I was thinking as I was writing yesterday’s post that the Utah situation felt eerily like what happened in California last September–people becoming ill, but no trace of bugs in the suspected raw milk. Then I thought that maybe I was trying to read too much into it. But Mary McGonigle Martin picked up on it as well.
All of which got me wondering, as many of us have wondered at different times when these situations come up, about just what’s behind these mysterious illnesses that flare up around raw milk. Knowing what we know about the agriculture and public health authorities, it’s not unrealistic to suspect them of making raw milk a scapegoat, as it were, for illnesses they can’t trace. But then again, maybe certain dangerous bacteria just appear for a brief amount of time, as Steve Bemis suggests, and then disappear.
And then there are the non-illnesses. I keep reading, particularly out of Pennsylvania, that supposedly dangerous bacteria are discovered in raw milk during routine inspections…yet no one seems to become sick. In one recent case, the Pennsylvania Health Department and Department of Agriculture warned anyone who bought milk from a particular dairy after May 8—a month ago—to dispose of it. It sounds so ominous. But amazingly, no one has become ill. For milk that old, it’s almost certainly been consumed.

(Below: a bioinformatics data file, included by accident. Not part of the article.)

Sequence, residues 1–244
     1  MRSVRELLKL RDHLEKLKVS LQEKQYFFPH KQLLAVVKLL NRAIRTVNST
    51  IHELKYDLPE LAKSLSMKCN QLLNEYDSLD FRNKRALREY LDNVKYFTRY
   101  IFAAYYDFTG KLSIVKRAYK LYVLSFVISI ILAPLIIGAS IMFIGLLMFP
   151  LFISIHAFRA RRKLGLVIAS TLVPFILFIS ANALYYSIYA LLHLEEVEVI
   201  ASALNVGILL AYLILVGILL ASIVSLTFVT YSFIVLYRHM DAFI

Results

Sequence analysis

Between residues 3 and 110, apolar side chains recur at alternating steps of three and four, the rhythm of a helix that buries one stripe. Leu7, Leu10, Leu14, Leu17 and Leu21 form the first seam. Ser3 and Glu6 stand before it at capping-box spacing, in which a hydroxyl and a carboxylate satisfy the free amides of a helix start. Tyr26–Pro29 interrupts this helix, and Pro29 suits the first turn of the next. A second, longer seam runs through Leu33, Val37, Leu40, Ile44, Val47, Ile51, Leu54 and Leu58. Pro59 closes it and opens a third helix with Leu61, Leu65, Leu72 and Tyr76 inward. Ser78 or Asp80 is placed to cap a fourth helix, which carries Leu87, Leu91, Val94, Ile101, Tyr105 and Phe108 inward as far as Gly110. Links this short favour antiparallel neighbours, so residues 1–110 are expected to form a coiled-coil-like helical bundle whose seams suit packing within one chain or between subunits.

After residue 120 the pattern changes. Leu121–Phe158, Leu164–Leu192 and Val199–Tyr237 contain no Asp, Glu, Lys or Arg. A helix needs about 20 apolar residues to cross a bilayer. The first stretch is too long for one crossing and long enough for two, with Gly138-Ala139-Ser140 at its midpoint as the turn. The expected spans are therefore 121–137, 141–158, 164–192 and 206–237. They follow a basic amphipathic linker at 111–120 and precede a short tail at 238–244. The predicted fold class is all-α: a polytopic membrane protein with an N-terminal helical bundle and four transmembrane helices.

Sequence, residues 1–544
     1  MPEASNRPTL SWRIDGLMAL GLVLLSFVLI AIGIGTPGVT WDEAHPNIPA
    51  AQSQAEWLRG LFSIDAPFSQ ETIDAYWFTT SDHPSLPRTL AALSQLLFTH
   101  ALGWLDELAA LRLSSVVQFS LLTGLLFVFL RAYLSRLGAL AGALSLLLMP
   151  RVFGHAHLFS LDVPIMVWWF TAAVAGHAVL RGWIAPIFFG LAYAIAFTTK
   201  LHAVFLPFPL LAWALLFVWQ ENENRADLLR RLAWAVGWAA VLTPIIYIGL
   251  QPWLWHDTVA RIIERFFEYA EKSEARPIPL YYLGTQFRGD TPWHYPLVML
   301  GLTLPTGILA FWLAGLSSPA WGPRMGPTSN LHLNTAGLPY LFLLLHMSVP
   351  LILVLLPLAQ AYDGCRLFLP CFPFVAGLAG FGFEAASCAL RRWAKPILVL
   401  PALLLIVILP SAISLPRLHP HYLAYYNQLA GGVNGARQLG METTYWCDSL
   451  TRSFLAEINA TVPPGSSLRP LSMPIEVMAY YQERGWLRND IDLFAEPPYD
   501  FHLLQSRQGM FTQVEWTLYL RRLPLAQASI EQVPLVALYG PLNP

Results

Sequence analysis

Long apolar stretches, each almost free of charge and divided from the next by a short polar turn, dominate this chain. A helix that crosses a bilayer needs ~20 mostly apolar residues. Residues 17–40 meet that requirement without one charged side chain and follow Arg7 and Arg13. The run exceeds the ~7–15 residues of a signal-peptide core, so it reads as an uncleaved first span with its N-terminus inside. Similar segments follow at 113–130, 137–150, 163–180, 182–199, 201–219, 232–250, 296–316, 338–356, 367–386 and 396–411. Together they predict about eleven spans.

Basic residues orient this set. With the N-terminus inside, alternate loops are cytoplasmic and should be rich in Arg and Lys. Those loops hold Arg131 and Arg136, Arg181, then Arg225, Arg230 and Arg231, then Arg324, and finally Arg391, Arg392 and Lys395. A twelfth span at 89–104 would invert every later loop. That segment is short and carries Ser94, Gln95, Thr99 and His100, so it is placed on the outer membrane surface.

Wouldn’t it be interesting if, instead of taking an adversarial approach, these agriculture and health bureaucrats took a more inquisitive approach. What is going on here? Maybe we can learn something about the nature of raw milk, and people’s immune systems, that would help people consume raw milk, as well as other foods, more wisely than they do now.
But, of course, that isn’t what happens. It’s always something to the effect: We’ve been telling you for decades that raw milk is dangerous, so if you get sick, it’s not because we didn’t warn you.
Actually, they are saying more than that. They want the farmers to give up this crazy old-fashioned natural approach to farming and get with the program—as Dave Milano so well describes it, “when nature is shoe-horned into the industrial ag’ box.”
When people still get sick from food-borne illnesses, like that affecting spinach, lettuce, peanut butter and hamburger meat, the officials sing a different tune. Then, it’s a matter of either getting the farmers and producers to run cleaner operations, or else getting the processors to stamp out the damned germs (more pasteurization, irradiation).
In other words, when products coming from the industrial system make people sick, it’s a matter of a little fine tuning. No one in authority ever seems to ask the hard questions. Is there a double standard at work here? I wonder if that has something to do with job security.